Memory elements 

It’s increasingly common for modern funerals to include a video of the deceased person’s life, a memory board filled with photos, personal memorabilia that reflects their accomplishments or hobbies, or a blank book for loved ones to write down their thoughts and memories.

Flowers 

While extended family and friends will typically send floral arrangements to the funeral home to be displayed during a viewing or service, flowers for the casket are usually the responsibility of the person planning the funeral (in other words, the immediate family).

Travel logistics

Some funerals are held entirely in one spot, but if visitors will be expected to change locations (from funeral home to cemetery or from cemetery to a post-funeral gathering), you’ll want to think through some logistics:

Choose pallbearers 

If the funeral will include a graveside service, pallbearers (typically six to eight) are chosen to help move the casket from the funeral home or place of worship to the cemetery.

Choose transportation for the funeral procession 

The funeral home will typically arrange for a lead driver (to guide the line of cars from the funeral home to the cemetery) and hearse (to transport the casket). The immediate family can either drive their own vehicles as part of the procession or, more commonly, travel by limousine between sites.

Printed materials

Though not essential, printed materials can be helpful during and after the service.

Programs 

These can provide a brief biography or photos of the deceased, as well as guide guests through the service, so they know what to expect.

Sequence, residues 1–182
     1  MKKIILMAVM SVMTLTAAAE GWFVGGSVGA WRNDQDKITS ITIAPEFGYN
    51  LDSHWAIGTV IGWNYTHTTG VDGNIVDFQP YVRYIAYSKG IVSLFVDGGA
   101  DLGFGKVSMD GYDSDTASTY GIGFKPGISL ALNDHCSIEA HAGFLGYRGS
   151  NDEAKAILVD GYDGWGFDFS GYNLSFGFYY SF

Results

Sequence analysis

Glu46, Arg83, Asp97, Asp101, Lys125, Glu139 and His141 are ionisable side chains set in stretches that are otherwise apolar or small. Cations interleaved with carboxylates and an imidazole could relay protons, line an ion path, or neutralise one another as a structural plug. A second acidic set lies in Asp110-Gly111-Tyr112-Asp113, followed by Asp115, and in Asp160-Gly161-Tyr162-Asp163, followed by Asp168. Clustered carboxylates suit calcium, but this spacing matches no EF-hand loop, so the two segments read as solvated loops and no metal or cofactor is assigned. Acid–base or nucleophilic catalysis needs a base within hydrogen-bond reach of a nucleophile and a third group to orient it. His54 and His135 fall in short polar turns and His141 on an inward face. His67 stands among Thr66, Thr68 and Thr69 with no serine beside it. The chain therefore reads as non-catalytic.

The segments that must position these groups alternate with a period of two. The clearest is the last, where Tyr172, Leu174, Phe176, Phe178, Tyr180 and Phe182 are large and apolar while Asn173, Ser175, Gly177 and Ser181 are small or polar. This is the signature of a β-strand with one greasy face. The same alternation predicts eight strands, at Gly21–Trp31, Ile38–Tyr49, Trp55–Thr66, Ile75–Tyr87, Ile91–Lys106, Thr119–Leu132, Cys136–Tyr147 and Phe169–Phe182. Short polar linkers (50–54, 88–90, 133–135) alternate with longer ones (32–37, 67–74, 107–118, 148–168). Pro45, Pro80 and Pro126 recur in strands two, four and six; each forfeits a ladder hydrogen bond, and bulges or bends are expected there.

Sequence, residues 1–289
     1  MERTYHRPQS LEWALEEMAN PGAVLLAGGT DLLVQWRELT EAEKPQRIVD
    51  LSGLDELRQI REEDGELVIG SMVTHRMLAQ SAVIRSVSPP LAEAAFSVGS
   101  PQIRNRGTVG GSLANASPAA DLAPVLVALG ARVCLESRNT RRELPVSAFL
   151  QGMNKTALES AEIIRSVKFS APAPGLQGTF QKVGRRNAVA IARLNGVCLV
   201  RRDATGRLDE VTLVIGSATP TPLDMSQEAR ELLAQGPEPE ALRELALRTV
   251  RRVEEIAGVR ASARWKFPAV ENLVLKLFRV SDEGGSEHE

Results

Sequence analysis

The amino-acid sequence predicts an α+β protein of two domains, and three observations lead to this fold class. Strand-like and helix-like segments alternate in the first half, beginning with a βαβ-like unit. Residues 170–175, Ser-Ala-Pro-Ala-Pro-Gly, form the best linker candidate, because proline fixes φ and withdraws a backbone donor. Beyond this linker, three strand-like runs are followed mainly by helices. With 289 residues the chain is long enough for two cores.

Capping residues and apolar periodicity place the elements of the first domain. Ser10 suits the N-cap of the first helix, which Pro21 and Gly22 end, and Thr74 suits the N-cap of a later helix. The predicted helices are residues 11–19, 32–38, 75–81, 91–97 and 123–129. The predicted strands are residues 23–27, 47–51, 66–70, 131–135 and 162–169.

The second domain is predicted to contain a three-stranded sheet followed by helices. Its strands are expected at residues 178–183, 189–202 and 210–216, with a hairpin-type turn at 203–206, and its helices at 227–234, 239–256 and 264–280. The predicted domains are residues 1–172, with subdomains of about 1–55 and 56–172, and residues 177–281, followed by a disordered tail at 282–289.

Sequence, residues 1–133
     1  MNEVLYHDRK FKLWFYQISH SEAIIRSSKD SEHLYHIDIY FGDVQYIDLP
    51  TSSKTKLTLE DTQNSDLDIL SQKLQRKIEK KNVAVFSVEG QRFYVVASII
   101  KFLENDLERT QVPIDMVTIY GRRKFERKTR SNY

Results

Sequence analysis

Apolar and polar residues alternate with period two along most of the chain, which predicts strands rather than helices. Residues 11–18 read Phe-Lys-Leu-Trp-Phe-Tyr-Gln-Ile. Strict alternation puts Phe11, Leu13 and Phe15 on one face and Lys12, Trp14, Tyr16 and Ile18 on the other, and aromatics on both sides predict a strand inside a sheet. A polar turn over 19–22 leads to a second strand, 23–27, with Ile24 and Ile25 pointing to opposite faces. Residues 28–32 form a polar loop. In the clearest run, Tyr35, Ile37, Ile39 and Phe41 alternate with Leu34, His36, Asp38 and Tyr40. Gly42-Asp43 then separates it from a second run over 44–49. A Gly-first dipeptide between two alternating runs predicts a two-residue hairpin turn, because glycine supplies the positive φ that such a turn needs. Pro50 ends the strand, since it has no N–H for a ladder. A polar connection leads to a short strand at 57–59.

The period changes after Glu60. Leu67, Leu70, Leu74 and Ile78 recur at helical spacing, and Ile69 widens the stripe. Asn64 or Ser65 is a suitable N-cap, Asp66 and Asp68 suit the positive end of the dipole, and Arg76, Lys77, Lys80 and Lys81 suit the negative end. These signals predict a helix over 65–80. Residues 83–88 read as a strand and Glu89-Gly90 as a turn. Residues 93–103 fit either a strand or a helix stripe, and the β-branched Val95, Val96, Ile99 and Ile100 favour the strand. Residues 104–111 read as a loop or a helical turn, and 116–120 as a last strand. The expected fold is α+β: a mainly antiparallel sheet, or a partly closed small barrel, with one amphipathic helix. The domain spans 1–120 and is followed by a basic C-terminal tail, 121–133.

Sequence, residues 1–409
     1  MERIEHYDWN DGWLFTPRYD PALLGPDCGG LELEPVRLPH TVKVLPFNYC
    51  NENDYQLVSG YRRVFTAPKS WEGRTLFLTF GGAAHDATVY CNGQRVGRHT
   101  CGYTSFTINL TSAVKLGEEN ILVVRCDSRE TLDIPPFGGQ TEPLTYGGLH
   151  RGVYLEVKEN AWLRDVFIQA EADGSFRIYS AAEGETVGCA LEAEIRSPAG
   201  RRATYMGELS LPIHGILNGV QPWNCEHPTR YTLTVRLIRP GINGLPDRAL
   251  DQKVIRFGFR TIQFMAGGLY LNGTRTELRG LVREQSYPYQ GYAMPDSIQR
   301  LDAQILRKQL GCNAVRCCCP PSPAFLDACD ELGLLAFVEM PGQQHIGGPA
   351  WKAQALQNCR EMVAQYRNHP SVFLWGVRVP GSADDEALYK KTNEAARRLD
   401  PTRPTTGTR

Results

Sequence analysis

Guest book 

A place for guests to write their remembrances and condolences to the immediate family, this is displayed during the service.

Remembrance cards 

Also known as memorial cards, these take-homes can include photos, inspirational quotes, a list of the immediate survivors, and suggestions for charitable donations.  

Other gatherings

Plan pre- and post-funeral gatherings 

Religious beliefs and cultural norms may play a part in deciding whether or not to host gatherings before and after the funeral. In Judaism, for instance, it’s expected that the immediate family will sit shiva for a seven-day period of mourning following a death, with extended friends and family visiting to offer condolences and provide food and support. Yet gatherings aren’t always religious in nature.

  • You can host a viewing or wake before the service. You can host a visitation either before or after the service.
  • Pre- and post-funeral gatherings are typically held at a family home, the funeral home, or the social hall of a place of worship.
  • Refreshments are usually central to these gatherings, whether that means a catered meal or a potluck in which everyone contributes a dish to share.